The costs are outsourced to insurance companies so that businesses only have to pay the premium costs which, admittedly, can remain a heavy burden on a small business but are well below the true social and personal cost of injuries and rehabilitation. It is worth asking how workplace safety would be managed in small business if workers’ compensation was not available? We know from the experience of other countries that the cost of workplace injuries are absorbed by the community and perhaps social services but what of the management of safety, the prevention of injury?
It is worth revisiting some of the older research reports into small business safety like the work of Dr Felicity Lamm and Professor David Walters. In 2003 they looked at the broader policy context and, amongst many other fascinating findings, wrote:
“…the key factors affecting OHS in the small business sector can be grouped under the following headings:
- Low management and training skills;
- Lack of resources;
- Burden of compliance;
- Relationship with regulatory agencies and the use of consultants;
- Dependent relationship with large businesses; and
- Employment and OHS practices.”
In 1997, Lamm stated a finding that, I believe, remains true to this day:
“The paper also demonstrates that small business employers are becoming increasingly reliant on their accountant to provide a range of compliance advisory services, including OH&S.” [link added to abstract only]
Others suggest that in some industries OHS change may be best achieved through targeting spouses and other family members of particular significance in business decision-making. Curiously, WorkSafe Victoria tried this in the farming sector in the early 1990s, if memory serves.
A WorkSafe small business initiative that I believes deserves analysis is its small business consulting service. This strategy has operated for many years providing free consultancy services by private OHS providers for, usually, 3 hours. In this period a consultant needs to identify, in practice, major OHS deficiencies, identify control measures and, most important, provide employers with the tools to manage their own OHS needs. It is a tall order and is likely to lead to continuing services from the private providers in order to assist small business to comply with the law.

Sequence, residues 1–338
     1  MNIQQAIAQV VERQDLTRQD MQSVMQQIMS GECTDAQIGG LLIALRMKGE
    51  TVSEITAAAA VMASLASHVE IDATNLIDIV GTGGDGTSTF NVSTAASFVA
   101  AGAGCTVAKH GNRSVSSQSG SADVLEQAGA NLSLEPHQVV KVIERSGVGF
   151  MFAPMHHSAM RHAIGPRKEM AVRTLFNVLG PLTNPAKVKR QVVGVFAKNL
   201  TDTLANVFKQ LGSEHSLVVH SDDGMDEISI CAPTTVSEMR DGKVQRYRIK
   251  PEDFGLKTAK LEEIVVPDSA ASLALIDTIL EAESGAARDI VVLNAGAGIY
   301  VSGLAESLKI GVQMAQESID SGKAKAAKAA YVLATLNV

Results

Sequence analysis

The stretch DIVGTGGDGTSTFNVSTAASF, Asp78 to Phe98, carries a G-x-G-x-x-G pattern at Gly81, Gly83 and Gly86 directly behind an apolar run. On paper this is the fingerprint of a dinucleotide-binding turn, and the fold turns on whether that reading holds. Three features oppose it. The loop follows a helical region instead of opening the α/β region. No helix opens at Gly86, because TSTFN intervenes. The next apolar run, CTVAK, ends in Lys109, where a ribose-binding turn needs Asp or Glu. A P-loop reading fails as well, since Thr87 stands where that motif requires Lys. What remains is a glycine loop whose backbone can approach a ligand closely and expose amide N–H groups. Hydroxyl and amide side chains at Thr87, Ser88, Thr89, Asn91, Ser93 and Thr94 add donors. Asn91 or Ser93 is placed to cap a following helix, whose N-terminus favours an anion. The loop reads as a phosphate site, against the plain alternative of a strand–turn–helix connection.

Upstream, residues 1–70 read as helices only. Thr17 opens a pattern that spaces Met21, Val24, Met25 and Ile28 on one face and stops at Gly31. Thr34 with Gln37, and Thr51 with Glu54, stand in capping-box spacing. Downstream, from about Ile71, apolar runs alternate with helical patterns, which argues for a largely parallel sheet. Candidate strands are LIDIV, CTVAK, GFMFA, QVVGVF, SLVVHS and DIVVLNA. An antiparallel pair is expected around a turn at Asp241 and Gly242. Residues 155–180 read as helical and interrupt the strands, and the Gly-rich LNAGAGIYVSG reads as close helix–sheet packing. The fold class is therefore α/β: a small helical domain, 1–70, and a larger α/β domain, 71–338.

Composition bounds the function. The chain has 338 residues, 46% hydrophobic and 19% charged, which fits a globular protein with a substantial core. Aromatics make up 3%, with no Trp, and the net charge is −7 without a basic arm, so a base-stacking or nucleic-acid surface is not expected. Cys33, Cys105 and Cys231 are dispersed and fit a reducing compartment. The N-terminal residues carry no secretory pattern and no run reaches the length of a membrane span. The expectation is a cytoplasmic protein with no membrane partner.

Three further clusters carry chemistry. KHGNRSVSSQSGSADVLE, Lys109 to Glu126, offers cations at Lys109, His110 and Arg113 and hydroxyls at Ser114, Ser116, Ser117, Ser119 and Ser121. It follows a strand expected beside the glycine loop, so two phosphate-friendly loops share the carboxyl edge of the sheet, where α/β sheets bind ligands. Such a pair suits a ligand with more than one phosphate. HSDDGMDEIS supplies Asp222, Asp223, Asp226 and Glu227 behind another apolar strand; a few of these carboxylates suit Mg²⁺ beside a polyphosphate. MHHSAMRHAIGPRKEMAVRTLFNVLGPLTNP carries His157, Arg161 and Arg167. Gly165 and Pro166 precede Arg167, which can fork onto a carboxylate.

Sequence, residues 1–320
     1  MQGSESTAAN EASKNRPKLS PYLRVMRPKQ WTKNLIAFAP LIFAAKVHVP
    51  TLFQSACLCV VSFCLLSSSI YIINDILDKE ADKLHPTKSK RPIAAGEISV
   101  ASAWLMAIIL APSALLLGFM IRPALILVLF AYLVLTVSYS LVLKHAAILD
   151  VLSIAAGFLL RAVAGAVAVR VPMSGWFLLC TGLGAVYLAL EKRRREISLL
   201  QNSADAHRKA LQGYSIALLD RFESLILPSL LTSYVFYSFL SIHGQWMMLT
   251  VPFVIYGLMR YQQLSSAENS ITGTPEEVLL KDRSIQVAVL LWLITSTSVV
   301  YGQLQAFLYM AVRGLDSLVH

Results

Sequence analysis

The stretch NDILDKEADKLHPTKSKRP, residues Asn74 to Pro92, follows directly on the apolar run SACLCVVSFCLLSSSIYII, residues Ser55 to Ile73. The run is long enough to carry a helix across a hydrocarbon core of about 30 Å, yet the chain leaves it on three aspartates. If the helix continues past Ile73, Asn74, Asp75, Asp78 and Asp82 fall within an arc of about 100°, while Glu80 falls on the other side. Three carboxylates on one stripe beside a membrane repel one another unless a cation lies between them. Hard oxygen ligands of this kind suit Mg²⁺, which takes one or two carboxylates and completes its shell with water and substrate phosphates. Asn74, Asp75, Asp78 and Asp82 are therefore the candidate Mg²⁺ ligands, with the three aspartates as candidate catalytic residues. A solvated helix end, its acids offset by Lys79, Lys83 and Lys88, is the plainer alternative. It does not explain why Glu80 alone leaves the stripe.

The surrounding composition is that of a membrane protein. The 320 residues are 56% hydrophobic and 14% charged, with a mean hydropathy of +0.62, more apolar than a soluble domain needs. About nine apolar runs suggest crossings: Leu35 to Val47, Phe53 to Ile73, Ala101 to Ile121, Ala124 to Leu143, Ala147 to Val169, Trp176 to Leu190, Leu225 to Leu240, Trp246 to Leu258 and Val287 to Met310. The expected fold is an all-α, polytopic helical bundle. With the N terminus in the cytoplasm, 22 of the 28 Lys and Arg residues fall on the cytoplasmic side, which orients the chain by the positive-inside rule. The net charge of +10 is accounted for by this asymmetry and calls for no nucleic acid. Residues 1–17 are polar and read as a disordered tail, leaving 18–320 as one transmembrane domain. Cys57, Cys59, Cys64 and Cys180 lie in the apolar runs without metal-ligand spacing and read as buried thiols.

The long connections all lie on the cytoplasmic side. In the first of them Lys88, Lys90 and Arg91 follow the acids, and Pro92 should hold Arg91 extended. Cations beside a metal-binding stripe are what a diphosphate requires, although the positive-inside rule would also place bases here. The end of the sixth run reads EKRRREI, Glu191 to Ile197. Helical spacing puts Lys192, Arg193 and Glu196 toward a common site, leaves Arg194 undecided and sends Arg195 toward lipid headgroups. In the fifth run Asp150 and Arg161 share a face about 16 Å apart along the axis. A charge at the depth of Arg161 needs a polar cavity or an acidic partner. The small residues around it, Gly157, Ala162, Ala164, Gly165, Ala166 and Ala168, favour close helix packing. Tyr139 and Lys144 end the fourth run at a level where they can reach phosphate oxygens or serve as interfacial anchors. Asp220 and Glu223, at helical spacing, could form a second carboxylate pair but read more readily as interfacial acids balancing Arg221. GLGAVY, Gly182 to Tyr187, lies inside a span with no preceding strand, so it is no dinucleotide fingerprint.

Publicly-available on the performance of this program is scarce with WorkSafe usually only releasing data on the number of businesses participating, as it has in the 2010 Annual Report (page 12) with over 2,500 businesses visited. Page 23 of the 2009 Annual Report provides similar figures:
“Over 2400 businesses sought assistance from the program, up by 8% compared to the previous year and 33% compared to 2006/07.”
There certainly are no obvious solutions to improving safety in this economic sector but safety seems to have stalled. There needs to be a innovative approach to small business safety and I accept that these are being sought by regulators but it is also valid to question the value of long-standing business support programs, particularly if the results have plateau-ed.